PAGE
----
2.7. Making Python Programs Robust

2.7.1. Exceptions

Here is a super cautious, but correct way to open and read a file:

import sys

try:
    file = open('myFile')
except IOError:
    print 'File does not exist.'
    sys.exit(1)
else:
    print 'File exists.'

try:
    lines = file.readlines()
finally:
    file.close()
  • The else block executes only if no exceptions are thrown, while the finally block always executes. The file.close() statement is in a finally block to ensure that it gets closed, even if an uncaught exception is raised and the program will exit.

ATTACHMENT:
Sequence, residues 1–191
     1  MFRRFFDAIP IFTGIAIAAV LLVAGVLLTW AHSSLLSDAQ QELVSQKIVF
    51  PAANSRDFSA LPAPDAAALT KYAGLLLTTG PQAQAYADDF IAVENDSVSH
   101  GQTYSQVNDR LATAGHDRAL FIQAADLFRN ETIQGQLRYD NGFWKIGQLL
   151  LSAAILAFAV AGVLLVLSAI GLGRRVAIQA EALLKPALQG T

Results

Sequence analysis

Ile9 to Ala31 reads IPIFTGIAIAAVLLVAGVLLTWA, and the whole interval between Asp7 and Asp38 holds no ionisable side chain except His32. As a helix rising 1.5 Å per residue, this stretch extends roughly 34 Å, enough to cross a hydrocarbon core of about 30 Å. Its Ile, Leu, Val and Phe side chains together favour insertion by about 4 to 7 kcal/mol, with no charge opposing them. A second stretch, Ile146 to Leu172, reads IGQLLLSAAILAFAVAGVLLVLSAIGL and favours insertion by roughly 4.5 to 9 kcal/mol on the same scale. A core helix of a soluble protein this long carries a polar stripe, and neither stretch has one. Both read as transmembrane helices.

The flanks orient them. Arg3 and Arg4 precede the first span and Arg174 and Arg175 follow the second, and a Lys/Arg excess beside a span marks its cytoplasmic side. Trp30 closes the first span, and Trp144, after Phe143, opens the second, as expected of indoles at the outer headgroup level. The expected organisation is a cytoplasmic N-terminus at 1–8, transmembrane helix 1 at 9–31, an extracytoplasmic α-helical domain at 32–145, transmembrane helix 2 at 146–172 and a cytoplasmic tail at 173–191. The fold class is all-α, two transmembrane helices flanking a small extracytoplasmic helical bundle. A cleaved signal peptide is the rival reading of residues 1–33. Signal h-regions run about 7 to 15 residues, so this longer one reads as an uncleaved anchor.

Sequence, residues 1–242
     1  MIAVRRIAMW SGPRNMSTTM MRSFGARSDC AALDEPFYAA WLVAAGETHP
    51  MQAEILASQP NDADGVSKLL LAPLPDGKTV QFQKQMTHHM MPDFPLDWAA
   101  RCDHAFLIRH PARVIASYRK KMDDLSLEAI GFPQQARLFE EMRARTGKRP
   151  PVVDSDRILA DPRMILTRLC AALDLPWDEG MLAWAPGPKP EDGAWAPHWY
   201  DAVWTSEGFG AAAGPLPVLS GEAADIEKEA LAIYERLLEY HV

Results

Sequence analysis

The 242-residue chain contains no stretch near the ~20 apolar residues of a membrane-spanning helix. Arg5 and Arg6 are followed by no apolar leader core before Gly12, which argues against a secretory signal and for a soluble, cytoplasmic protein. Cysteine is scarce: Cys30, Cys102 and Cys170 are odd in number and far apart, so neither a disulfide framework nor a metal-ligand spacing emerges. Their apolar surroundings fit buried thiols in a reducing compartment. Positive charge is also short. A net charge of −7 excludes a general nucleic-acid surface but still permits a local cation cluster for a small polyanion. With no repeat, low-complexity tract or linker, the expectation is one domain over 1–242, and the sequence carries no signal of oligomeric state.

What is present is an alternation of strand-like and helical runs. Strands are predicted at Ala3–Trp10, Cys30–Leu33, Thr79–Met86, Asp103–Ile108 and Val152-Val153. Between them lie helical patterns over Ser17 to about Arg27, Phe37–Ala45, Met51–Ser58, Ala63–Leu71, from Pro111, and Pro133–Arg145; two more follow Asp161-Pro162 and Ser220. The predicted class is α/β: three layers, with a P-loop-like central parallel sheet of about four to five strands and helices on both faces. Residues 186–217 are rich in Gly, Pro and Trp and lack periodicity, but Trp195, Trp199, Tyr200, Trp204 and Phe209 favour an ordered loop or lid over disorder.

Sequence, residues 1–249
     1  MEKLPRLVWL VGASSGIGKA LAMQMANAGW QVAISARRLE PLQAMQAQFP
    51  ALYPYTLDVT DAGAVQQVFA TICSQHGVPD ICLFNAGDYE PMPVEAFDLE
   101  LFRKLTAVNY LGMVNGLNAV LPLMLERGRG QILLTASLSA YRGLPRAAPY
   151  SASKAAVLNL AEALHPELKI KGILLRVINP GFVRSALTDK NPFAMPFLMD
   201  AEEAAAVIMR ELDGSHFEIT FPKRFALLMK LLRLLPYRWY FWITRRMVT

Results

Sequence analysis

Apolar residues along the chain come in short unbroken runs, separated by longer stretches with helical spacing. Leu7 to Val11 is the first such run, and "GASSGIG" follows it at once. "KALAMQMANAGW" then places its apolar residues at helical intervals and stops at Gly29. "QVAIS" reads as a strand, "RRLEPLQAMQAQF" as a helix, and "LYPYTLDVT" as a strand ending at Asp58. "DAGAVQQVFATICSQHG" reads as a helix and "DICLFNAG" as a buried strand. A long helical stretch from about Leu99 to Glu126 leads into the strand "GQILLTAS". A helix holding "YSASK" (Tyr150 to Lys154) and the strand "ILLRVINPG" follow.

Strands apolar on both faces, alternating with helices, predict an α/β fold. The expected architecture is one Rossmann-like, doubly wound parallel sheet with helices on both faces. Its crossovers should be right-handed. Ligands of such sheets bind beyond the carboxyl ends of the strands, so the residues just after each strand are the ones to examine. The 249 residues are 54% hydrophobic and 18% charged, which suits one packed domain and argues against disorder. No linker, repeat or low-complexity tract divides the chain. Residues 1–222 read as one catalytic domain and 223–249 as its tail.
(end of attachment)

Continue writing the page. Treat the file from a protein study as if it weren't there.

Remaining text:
Following is the new, cleaner, but just as robust way to express the same operation in Python. This works because the file object was made to work with the new with keyword to ensure that the file is always closed after being opened. [1]

try:
    with open('myFile') as file:
        lines = file.readlines()
except IOError:
    print 'File does not exist.'
    sys.exit(1)
else:
    print 'File exists and has been read.'

Footnotes

[1]The with statement is a newer feature in Python. It works with some objects to make the syntax of handling the object in a robust manner much cleaner. The with keyword also works with the socket object, which is of prime interest to us in this class. However, it was introduced after our text book was written.

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